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A Deaf Linguist Explores Black American Sign Language

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Students were required to wear hearing-assistance devices in schools like the Southern School for the Colored Deaf and Blind, in Scotlandville, La. The school was established in 1938. (Image courtesy of Joseph Hill, Black ASL Project)

Joseph Hill, an assistant professor at the University of North Carolina at Greensboro, believes he is the only black, deaf, Ph.D. linguist in America, and maybe in the world. “Just me,” he told an audience of about 40 people on Sunday at the Linguistic Society of America’s annual meeting in Minneapolis. “No pressure,” he added.

Hill, who is 34, and tall, was giving a talk, “How Black ASL Can Create Opportunities for Diversity in Sign-Language Research,” as part of a symposium on diversity in linguistics. He was speaking in American Sign Language, of course, but because his lips moved along with his hands, to a listener in the back of the room it seemed as if he, and not the interpreter, was talking. That is, until Hill’s lips stopped moving and the voice of the interpreter kept going. (The interpreter turned out to be seated unobtrusively at the front, speaking into a microphone with his back to the audience, so he could read Hill’s signing.)

Before Hill got to the research opportunities, he gave a brief history of how deaf education led to Black ASL. The first school for the deaf was established in Hartford, Conn., in 1817, by Thomas Gallaudet, a hearing American whose son would later found Gallaudet University, in Washington, and a deaf Frenchman named Laurent Clerc.

Hill produced a chart that showed how the schools spread across the country. But the first school for black deaf children in the South—at least, south of the District of Columbia—didn’t open until 1867, in North Carolina. Southern schools remained segregated until well after Brown v. Board of Education, in 1954, and it wasn’t until 1978 that the last Southern state, Louisiana, fully integrated its schools. So it is not surprising that deaf African-Americans developed and were taught their own version of ASL, just as some black Americans speak African-American Vernacular English, sometimes called Ebonics.

Many hearing people think sign language is universal, but it is not. Hill, who was born deaf, studied in Italy on a Fulbright and speaks Italian, as well as ASL, Italian SL, and Black ASL. American Sign Language developed based on the French sign language that Thomas Gallaudet learned from Clerc, so American and French signers understand one another better than British and American signers do, for example.

Hill is one of four authors of The Hidden Treasure of Black ASL, a 2011 book that explores the differences between Black American Sign Language and the ASL of whites in America. The differences are significant enough that black deaf students who went to segregated schools couldn’t understand white teachers and classmates when the schools integrated. The researchers created a filmed corpus of conversational vernacular Black ASL as it is used in the South, and the book examines some of those differences, which include disparate gestures for some words, such as “deer” and “have,” and whether words are signed with one hand or two.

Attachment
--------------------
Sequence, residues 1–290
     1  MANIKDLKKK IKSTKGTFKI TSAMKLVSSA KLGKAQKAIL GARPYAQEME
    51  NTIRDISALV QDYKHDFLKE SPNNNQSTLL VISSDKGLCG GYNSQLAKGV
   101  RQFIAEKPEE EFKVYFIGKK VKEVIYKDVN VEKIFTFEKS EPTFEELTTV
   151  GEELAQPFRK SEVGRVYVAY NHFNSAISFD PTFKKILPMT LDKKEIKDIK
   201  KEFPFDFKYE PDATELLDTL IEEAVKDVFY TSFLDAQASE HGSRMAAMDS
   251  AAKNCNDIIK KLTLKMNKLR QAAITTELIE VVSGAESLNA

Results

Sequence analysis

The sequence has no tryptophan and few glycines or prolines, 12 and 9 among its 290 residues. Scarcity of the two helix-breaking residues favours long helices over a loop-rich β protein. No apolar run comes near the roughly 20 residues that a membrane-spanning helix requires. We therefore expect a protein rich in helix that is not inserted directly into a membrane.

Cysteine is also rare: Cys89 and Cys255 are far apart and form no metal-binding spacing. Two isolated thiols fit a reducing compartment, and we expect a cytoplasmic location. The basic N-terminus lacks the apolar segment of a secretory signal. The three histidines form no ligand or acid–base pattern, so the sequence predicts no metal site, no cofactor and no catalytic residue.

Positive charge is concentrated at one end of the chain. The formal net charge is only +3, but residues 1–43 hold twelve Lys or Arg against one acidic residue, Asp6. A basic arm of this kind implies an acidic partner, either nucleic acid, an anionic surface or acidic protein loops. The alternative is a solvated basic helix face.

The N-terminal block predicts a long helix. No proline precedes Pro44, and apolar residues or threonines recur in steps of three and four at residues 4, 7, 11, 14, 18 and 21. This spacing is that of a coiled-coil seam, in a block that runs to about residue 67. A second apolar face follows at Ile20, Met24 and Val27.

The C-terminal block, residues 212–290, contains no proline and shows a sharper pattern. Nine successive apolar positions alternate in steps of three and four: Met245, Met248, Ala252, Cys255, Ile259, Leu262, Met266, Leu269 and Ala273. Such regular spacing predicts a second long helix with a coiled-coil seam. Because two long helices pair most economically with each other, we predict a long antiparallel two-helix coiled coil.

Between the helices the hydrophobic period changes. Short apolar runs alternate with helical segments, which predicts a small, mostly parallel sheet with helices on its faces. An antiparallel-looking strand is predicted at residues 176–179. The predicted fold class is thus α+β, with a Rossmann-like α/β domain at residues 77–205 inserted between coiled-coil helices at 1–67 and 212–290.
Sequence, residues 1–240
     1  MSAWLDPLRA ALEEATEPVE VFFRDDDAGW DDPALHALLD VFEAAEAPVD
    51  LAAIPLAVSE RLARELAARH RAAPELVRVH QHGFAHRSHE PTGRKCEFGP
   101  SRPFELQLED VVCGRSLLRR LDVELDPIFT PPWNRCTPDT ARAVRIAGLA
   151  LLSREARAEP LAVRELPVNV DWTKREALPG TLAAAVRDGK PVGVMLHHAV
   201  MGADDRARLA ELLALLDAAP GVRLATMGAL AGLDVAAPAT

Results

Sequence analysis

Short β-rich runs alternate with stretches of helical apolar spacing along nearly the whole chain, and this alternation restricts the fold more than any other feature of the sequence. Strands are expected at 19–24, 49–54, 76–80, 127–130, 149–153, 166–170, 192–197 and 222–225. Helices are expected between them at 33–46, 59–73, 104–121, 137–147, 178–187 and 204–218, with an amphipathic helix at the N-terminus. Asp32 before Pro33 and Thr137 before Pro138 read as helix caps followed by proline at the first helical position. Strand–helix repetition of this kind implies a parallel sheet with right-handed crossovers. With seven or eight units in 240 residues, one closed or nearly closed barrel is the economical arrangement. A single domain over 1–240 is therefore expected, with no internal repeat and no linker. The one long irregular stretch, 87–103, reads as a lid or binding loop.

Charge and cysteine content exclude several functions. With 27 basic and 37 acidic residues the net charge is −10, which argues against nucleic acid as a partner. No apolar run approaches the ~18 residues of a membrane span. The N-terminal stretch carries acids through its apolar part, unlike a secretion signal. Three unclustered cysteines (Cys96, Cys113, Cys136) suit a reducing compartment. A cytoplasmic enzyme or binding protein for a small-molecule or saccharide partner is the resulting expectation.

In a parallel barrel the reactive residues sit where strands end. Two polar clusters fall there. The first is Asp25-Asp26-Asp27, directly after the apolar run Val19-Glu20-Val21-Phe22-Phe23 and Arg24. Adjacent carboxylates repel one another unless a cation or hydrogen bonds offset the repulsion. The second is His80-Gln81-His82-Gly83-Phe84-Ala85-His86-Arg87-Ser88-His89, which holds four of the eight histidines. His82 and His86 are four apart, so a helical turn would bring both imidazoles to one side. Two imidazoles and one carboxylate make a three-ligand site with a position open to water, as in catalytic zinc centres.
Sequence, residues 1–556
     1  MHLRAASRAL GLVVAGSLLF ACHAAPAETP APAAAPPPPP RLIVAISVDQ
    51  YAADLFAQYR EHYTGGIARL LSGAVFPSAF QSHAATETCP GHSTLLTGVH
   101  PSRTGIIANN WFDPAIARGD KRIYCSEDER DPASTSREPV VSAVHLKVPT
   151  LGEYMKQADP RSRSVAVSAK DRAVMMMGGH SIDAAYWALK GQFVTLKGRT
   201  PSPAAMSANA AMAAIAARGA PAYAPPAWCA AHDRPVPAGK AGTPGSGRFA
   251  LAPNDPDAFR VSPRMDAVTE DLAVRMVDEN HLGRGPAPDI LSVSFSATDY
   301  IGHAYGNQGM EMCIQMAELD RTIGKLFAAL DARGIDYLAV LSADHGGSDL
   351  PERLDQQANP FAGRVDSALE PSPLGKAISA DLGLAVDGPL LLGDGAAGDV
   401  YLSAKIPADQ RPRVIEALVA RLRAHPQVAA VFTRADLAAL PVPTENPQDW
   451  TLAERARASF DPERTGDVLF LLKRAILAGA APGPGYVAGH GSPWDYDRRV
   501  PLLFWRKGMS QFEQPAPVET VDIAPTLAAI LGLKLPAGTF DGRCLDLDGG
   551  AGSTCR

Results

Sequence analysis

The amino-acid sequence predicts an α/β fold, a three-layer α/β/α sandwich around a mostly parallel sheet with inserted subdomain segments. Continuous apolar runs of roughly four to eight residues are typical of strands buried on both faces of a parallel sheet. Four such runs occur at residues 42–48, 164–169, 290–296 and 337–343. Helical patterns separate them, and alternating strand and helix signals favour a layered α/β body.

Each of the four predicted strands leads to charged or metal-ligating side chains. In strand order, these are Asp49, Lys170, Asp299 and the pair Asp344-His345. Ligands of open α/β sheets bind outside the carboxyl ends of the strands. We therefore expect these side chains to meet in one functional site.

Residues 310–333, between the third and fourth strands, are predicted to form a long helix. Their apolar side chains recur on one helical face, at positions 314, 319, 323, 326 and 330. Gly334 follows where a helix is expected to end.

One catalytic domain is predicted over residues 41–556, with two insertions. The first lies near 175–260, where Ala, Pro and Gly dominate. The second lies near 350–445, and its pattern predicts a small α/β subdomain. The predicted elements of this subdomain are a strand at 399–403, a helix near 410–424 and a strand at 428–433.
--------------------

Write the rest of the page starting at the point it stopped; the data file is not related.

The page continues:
But Hill, who is a member of the specialized-education-services department at the Greensboro campus and directs its ASL teacher-licensing program, says there are many more research opportunities, including chronicling changes in Black ASL as its signers have more contact with white signers, and with spoken African-American Vernacular English. He told us about the Black ASL Project, which seeks the recollections of people who went to black schools for the deaf. Much more is to be learned about the schools themselves. And his own research has only begun to look at lexical variations between ASL and Black ASL—the different signs for the same word—and at what linguists call “prosody” in sign, the use of facial expressions, eye and head movement, and other physical behaviors.

“Black signers tend to be more theatrical,” he said later via telephone, using a video relay service and an ASL interpreter to take the call. White signers, especially older people, may sign in a smaller space because they were taught to be discreet.

Hill had a three-year grant from the National Science Foundation for his linguistic studies at Gallaudet, where he got his Ph.D. Although there are deaf psychologists who study linguistic issues, Hill believes he is one of only about 15 deaf linguists in the United States, and a few more in Europe. “I know one in Italy, there’s one in England, I know of one in Germany,” he says. “The study of ASL in linguistics started in 1965,” he adds, “so it’s fairly young.”

He hopes that as American deaf linguists become better known, deaf people here and in other countries may be inspired. “We would like to see more people in the field,” says Hill, who hopes not just to attract researchers to the Black ASL Project but to spark interest in other sign-language subcultures, too.

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